The complementarity rule in the sub-motives of misapplication of law and violation of law by omission within the cassation appeal. Part II

In the previous article, I discussed the reasonableness of the complementarity rule between the cassation sub-motives (substantive motives) of Misapplication of Law and Violation of Law by Omission (non-application) as established by the Supreme Court of Justice, Civil Chamber. In essence, it has been established that for the admissibility of these sub-motives, when alleging the sub-motive of violation of law by non-application, the thesis must be complemented by indicating the norm that was inappropriately applied and vice versa.

This is reasonable because, if it is questioned that a norm presumed to be suitable for resolving the conflict was not applied, it implies that in resolving the matter, a norm that was not adequate for such a purpose was applied.

The Supreme Court of Justice, Civil Chamber, has established an exception to the aforementioned rule where the appellant indicates that the sub-motive of misapplication of law (or vice versa) is not being invoked, as it is evident that the sentencing chamber did not misapply any norms, allowing for the consideration of the raised sub-motive.

In this regard, I find the exception to the rule reasonable when:

    • The sentencing tribunal failed to fulfill its legal duty to substantiate its decision with the analysis and application of a particular legal norm, meaning there is a judgment in which it was not established based on which legal norm the issue was resolved.
    • The tribunal that issued the judgment cites several norms, but from its analysis, it cannot be inferred which one(s) it subsumed the facts under to resolve the dispute.

This was elaborated by the Supreme Court of Justice, Civil Chamber, within case file 341-2015, where it was considered: “although this Chamber has maintained the criterion that the sub-motives of violation of law by non-application and misapplication of law are complementary and form a complete cassation thesis, this general rule finds its exception when the sentencing tribunal, in issuing its decision, does not expressly apply a normative provision that can be challenged, nor can it be inferred to which it corresponds as it is regulated by more than one legal body.”

From the analyzed judgment, it can be inferred that the Supreme Court of Justice, Civil Chamber, indicates that the exception to the complementarity rule can be applied when the contested judgment:

    • Does not establish the application of any norm.
    • Fails to establish which norm was applied to resolve the issue, meaning the reasonableness of this exception to the rule is due to a material impediment to technically allege the misapplication of the law, as it is impossible to develop the thesis based on a specific norm.

The Supreme Court of Justice, Civil Chamber, has shifted and expanded its criterion in the sense that: “it is an established doctrine of this Chamber that, when invoking the sub-motive of violation of law by non-application, the sub-motive of misapplication of law must also be alleged, as the omission of the suitable norm that resolves the disputed facts presupposes the application of another norm that is not pertinent for not containing the appropriate legal assumptions. However, this rule has its exceptions, one of them being the following: when, according to the appellant, there was no misapplication of a legal norm, considering that the ruling was supported by pertinent regulations by the Chamber.” Case file 245-2022. This doctrine is found, among other rulings, in the cassation judgments issued within case files 181-2022, 137-2022, and 134-2022.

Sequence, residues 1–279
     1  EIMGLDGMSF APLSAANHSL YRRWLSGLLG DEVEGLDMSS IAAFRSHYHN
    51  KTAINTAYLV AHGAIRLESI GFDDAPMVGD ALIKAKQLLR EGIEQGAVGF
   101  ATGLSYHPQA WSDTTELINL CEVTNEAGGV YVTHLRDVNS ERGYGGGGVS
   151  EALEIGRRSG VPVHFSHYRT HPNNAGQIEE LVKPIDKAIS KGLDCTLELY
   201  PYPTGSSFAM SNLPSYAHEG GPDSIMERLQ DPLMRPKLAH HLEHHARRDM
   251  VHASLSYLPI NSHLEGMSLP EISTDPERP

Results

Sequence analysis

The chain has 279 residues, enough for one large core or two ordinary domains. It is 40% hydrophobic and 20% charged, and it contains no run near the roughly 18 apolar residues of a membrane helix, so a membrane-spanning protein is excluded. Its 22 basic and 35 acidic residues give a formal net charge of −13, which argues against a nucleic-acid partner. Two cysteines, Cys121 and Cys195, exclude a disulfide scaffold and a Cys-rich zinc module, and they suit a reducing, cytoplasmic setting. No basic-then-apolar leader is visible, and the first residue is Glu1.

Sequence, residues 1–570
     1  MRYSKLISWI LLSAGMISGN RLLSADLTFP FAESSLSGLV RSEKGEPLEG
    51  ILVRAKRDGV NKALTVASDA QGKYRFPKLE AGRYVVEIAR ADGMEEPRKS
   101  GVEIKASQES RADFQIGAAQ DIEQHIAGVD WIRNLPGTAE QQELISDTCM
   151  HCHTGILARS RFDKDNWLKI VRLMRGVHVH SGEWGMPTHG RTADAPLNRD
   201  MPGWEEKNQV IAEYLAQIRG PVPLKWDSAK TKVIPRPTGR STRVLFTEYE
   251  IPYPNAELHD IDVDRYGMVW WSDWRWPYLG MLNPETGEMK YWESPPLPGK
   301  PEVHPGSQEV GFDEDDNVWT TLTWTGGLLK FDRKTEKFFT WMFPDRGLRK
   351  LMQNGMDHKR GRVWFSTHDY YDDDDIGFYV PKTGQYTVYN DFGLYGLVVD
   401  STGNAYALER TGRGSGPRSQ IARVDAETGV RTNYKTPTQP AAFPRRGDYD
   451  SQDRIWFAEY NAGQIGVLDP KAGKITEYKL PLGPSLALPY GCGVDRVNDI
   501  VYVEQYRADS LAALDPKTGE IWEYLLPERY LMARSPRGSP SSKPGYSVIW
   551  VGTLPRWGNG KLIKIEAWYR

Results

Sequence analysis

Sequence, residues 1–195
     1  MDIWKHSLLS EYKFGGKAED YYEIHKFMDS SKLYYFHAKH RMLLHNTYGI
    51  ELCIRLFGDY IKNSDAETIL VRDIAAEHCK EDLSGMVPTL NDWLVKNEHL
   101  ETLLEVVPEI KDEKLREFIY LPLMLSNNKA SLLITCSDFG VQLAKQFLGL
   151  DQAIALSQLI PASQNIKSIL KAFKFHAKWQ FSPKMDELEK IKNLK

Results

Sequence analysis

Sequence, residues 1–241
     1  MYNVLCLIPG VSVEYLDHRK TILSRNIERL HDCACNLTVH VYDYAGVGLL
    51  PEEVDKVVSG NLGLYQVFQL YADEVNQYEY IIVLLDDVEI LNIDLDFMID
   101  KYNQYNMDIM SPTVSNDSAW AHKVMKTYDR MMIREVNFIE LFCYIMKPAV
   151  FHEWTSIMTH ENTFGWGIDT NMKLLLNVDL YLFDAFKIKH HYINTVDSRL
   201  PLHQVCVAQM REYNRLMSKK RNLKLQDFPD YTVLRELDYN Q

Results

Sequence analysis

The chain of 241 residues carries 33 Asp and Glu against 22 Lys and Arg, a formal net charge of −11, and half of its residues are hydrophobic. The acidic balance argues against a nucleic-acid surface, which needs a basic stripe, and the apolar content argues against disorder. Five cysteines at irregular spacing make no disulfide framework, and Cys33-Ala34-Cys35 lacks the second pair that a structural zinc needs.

From the current doctrine, it can be inferred that the Supreme Court of Justice, Civil Chamber, now considers that:

    1. It is sufficient for the appellant to indicate that there was no misapplication of a legal norm.
    2. The ruling was supported by the pertinent regulations by the Chamber.

Regarding the first assumption, it seems unreasonable to think that the exception to the rule is given just because the appellant says so, since it is the obligation of the Supreme Court of Justice, Civil Chamber, to verify that what is alleged by the appellant is indeed the case; that is, it is not enough for the appellant, when developing the thesis, to indicate that there was no misapplication, as this must be verified upon resolution. Thus, the court must establish if this situation is verified in the contested judgment in cassation, as the new legal doctrine seems to exempt the appellant from the procedural burden of developing the complementary thesis by merely stating that in their opinion the rule does not apply, without verifying that this situation occurs.

Regarding the second assumption, I consider that it contradicts the main rule, which even completely denaturalizes the sub-motive of violation of law by omission. This is because if in the cassation thesis it is asserted that the rule does not apply since the ruling was supported by the pertinent regulations, what is being discussed in the sub-motive? Especially considering that, as mentioned earlier, the purpose of this sub-motive is precisely to challenge as an infraction the fact that the sentencing Chamber did not resolve the issue by applying the suitable norm for resolving the controversy.

From this, one might ask: if the appellant indicates in their cassation thesis that the norm used by the Chamber to resolve is the pertinent one, why denounce the omission of another law that is also argued to be pertinent? This is inherently contradictory and to some extent nonsensical, except in those cases where the resolution of the issue requires the application of more than one norm, in which case, the Supreme Court of Justice, Civil Chamber, must verify this situation before applying the exception to the rule.